I went to camp, and if you went to camp The Perennials will feel very familiar to you. My camp, just like Camp Marigold in the book, was known for riding but was not co-ed. Regardless, the threads of the plot are familiar. The movement from childhood innocence to womanhood as well as the exploration of sexuality (yes, this even happens at an all girls camp). Despite the fact that the camp in the book is co-ed, it’s nice to know even at a co-ed camp the weird competition to hook-up with international male staff still remains strong. Nostalgia rings very strongly in this book, particularly for me due to my connection to being a camp counselor to thirteen year old girls at a riding camp. Nostalgia with a bit more scandal 😉 .
One of the many aspects I enjoyed about this book was the weaving of different plot lines together from different perspectives. I, for one, really enjoy the dramatic irony of knowing something that other characters don’t and watching how the secrets they keep from each other are slowly revealed. For her debut novel, the weaving that Berman does between secrets and perspectives made for an unexpected tale.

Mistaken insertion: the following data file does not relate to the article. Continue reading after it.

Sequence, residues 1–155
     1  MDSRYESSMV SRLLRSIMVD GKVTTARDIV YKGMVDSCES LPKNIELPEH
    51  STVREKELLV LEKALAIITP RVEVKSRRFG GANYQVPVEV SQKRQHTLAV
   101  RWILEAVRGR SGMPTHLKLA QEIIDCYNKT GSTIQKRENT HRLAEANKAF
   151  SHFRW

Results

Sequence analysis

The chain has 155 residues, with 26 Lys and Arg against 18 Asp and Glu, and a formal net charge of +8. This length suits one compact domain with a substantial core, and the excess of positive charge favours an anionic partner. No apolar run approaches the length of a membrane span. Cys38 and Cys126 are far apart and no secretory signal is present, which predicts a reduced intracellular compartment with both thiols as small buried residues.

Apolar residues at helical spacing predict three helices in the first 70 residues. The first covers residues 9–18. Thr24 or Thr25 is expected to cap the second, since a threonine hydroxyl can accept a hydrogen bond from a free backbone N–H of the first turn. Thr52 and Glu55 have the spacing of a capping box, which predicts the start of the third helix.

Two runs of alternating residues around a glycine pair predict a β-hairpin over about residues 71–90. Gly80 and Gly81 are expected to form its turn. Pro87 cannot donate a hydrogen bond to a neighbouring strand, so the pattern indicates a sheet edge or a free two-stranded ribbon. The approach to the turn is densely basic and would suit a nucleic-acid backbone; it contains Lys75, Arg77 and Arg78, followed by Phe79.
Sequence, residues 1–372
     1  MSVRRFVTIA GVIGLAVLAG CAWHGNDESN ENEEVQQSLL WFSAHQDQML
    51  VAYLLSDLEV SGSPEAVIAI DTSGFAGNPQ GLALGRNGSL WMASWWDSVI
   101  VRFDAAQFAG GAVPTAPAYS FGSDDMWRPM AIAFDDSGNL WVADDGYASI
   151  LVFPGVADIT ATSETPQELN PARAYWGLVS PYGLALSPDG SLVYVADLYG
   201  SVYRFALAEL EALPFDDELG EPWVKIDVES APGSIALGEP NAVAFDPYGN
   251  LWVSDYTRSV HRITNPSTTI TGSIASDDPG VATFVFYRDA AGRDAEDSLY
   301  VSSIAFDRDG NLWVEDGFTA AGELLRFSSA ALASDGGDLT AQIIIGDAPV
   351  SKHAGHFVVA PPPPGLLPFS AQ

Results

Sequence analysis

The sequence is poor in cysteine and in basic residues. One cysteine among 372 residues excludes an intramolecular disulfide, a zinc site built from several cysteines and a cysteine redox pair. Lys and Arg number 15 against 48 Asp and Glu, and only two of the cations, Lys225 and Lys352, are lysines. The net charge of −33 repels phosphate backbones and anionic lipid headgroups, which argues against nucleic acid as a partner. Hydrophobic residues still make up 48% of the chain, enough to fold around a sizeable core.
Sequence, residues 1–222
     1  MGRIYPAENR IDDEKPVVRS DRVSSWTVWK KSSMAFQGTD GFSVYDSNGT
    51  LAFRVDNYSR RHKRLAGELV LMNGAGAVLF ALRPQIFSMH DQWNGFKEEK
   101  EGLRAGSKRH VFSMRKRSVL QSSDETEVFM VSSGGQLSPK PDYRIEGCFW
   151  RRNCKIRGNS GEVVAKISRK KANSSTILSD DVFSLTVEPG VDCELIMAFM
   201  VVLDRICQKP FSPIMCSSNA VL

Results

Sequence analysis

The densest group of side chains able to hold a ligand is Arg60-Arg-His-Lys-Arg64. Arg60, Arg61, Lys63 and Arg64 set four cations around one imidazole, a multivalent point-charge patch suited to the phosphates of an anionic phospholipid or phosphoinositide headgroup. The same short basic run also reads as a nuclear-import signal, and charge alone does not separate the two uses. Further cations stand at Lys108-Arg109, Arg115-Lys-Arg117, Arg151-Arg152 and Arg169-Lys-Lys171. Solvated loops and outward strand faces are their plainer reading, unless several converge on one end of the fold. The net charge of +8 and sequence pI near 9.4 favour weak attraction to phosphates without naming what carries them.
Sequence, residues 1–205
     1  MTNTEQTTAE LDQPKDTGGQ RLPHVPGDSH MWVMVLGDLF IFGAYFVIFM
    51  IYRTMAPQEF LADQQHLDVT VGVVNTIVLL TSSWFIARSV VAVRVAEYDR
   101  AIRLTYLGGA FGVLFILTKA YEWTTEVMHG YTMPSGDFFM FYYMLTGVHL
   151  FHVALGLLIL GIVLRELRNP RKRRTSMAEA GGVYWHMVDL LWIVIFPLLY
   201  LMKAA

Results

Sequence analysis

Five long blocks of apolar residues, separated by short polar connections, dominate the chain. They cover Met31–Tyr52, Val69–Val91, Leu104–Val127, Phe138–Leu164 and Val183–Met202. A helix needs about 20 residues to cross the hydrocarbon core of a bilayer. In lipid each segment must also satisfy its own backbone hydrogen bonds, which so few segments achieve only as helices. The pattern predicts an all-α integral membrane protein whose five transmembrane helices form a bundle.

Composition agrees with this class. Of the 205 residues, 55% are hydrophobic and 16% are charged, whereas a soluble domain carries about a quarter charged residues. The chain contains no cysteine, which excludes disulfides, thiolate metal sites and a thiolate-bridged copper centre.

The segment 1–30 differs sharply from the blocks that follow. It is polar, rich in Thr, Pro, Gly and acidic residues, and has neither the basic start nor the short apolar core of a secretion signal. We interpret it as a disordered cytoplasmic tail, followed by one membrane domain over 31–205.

I really enjoyed the conclusion of this book because I didn’t the stitching for it. The ending was believable but not predictable. The ending is what I was describe as a “warm hug”. There is substance and leaves you satisfied without being cheesy. So if you want an ending in raging scandal that smacks you in the face, this isn’t that book.
Read if you like:
-Coming of age novels
-Reminiscing about your time at camp
-Sociocultural landscape of New York state
Level of Difficulty: Book before bed
If you like books about camps I also recommend: The Yonahlossee Riding Camp for Girls by Anton DiSclafani (setting 1930s South)